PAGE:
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The official name of this gene is “solute carrier organic anion transporter family, member 1B3.”
SLCO1B3 is the gene's official symbol. The SLCO1B3 gene is also known by other names, listed below.
The SLCO1B3 gene provides instructions for making a protein called organic anion transporting polypeptide 1B3, or OATP1B3. This protein is found in liver cells; it transports compounds from the blood into the liver so that they can be cleared from the body. For example, the OATP1B3 protein transports bilirubin, which is a yellowish substance that is produced when red blood cells are broken down. In the liver, bilirubin is dissolved in a digestive fluid called bile and then excreted from the body. The OATP1B3 protein also transports certain hormones, toxins, and drugs into the liver for removal from the body. Some of the drugs transported by the OATP1B3 protein include statins, which are used to treat high cholesterol; heart disease medications; certain antibiotics; and some drugs used for the treatment of cancer.
The SLCO1B3 gene belongs to a family of genes called SLC (solute carriers).
A gene family is a group of genes that share important characteristics. Classifying individual genes into families helps researchers describe how genes are related to each other. For more information, see What are gene families? (http://ghr.nlm.nih.gov/handbook/howgeneswork/genefamilies) in the Handbook.
Mutations in the SLCO1B3 gene are involved in Rotor syndrome. This condition is characterized by elevated levels of bilirubin in the blood that can cause yellowing of the skin and whites of the eyes (jaundice). For this condition to occur, individuals must have mutations in the SLCO1B3 gene and a related gene called SLCO1B1. This related gene provides instructions for making a protein called OATP1B1, which has a similar transport function to OATP1B3. In some cases, the condition is caused by a deletion of genetic material that removes parts of both the SLCO1B3 and SLCO1B1 genes, so no functional OATP1B3 or OATP1B1 protein is made. Most mutations that cause Rotor syndrome lead to abnormally short, nonfunctioning OATP1B3 and OATP1B1 proteins. Without the function of either transport protein, bilirubin is less efficiently taken up by the liver and cleared from the body. The buildup of this substance leads to jaundice in people with Rotor syndrome.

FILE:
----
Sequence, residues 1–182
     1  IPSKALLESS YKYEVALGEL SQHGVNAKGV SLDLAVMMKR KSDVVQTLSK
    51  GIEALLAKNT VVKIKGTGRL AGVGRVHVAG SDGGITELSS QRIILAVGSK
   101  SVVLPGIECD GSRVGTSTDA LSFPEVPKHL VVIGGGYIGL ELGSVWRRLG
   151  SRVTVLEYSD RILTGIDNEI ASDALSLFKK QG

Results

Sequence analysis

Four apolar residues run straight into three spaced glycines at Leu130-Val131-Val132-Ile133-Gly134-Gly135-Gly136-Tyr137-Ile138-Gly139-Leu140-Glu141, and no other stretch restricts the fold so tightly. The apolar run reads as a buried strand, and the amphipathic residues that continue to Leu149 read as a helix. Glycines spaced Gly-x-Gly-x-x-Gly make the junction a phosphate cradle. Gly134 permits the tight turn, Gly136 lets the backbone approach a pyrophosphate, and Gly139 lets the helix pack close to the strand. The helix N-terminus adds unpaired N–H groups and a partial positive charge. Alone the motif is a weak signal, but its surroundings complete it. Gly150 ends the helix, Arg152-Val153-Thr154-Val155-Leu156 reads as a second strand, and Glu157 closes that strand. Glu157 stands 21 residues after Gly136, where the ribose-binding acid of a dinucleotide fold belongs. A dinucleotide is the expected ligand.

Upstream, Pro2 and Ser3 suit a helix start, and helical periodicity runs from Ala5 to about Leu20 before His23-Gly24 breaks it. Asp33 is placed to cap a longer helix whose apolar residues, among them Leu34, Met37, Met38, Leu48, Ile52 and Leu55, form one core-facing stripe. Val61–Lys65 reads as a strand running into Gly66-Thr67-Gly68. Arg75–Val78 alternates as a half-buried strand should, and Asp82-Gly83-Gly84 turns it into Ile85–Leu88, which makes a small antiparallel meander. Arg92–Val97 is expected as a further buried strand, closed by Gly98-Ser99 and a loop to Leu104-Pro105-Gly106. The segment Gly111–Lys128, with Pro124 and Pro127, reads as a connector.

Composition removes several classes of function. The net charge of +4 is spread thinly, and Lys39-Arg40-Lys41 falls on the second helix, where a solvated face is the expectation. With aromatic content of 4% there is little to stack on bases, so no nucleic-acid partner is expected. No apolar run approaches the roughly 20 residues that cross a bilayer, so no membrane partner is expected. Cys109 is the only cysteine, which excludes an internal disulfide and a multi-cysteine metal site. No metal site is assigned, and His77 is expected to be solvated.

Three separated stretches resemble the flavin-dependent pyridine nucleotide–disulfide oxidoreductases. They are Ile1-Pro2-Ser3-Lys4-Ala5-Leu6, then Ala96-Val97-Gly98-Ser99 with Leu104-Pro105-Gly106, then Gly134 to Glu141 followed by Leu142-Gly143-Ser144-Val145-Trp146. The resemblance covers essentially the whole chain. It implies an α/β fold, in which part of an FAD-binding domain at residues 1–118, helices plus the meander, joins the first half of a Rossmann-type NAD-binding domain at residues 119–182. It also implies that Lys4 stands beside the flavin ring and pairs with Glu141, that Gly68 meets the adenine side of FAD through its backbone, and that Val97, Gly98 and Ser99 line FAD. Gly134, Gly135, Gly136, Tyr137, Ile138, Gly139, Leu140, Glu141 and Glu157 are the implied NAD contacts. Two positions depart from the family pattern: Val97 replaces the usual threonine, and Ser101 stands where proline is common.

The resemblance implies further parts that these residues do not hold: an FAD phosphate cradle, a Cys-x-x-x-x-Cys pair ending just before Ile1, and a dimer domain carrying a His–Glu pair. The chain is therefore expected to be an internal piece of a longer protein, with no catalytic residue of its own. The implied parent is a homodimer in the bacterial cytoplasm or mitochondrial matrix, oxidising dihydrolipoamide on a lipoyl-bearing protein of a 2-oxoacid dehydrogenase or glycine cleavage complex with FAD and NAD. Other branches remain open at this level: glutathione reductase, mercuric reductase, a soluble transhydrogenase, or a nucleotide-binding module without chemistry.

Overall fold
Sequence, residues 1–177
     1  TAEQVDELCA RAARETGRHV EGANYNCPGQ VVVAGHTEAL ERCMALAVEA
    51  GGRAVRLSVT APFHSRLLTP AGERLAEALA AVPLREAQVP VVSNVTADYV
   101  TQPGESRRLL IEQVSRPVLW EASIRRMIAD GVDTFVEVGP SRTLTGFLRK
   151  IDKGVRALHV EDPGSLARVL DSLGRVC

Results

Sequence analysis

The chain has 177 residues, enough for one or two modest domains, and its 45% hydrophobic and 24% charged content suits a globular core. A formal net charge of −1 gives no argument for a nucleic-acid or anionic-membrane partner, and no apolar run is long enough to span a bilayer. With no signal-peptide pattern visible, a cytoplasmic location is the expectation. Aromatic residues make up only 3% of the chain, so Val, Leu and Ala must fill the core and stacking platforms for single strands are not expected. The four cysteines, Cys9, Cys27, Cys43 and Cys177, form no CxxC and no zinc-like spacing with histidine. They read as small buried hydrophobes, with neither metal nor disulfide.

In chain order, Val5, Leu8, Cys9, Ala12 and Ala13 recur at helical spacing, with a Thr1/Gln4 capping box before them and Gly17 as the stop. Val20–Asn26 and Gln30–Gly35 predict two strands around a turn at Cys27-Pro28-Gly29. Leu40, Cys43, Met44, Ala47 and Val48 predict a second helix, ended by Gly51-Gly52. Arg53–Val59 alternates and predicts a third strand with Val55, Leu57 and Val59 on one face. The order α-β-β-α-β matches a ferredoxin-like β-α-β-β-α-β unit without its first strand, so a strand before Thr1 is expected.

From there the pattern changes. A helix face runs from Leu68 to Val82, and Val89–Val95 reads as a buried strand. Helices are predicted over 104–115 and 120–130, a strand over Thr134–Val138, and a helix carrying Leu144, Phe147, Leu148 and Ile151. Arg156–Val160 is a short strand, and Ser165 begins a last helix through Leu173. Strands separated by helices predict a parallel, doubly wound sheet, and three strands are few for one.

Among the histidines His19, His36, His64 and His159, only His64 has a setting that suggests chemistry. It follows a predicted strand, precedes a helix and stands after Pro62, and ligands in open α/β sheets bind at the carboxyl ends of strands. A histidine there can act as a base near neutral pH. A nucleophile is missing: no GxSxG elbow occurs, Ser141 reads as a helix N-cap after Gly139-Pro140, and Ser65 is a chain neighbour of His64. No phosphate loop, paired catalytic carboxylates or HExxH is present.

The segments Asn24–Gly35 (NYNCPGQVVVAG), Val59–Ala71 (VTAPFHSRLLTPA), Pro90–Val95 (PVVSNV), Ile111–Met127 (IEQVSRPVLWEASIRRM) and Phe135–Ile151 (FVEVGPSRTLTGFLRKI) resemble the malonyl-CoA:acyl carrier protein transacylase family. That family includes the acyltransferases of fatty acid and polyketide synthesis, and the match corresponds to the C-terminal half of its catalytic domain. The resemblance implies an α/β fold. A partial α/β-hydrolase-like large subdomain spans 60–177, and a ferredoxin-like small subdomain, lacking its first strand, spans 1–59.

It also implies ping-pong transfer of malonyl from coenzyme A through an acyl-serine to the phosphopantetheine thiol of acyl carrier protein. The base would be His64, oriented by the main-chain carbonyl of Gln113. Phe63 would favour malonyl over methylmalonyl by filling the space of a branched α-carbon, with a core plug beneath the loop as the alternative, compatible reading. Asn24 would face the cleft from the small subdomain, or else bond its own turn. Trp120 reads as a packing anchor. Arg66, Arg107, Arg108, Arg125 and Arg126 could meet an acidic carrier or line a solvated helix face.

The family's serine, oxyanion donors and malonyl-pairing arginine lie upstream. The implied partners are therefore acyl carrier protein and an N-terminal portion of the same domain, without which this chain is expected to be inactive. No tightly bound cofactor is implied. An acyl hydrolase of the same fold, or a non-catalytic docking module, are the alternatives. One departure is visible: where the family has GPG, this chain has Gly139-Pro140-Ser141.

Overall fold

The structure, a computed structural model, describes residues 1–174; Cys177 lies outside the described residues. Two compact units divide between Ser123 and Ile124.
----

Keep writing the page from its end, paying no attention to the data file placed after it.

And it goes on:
Cytogenetic Location: 12p12
Molecular Location on chromosome 12: base pairs 20,810,703 to 20,916,910
The SLCO1B3 gene is located on the short (p) arm of chromosome 12 at position 12.
More precisely, the SLCO1B3 gene is located from base pair 20,810,703 to base pair 20,916,910 on chromosome 12.
See How do geneticists indicate the location of a gene? (http://ghr.nlm.nih.gov/handbook/howgeneswork/genelocation) in the Handbook.
You and your healthcare professional may find the following resources about SLCO1B3 helpful.
You may also be interested in these resources, which are designed for genetics professionals and researchers.
See How are genetic conditions and genes named? (http://ghr.nlm.nih.gov/handbook/mutationsanddisorders/naming) in the Handbook.
anion ; antibiotics ; bile ; bilirubin ; cancer ; carrier ; cholesterol ; deletion ; digestive ; gene ; jaundice ; protein ; solute ; syndrome
You may find definitions for these and many other terms in the Genetics Home Reference Glossary (http://www.ghr.nlm.nih.gov/glossary).
The resources on this site should not be used as a substitute for professional medical care or advice. Users seeking information about a personal genetic disease, syndrome, or condition should consult with a qualified healthcare professional. See How can I find a genetics professional in my area? (http://ghr.nlm.nih.gov/handbook/consult/findingprofessional) in the Handbook.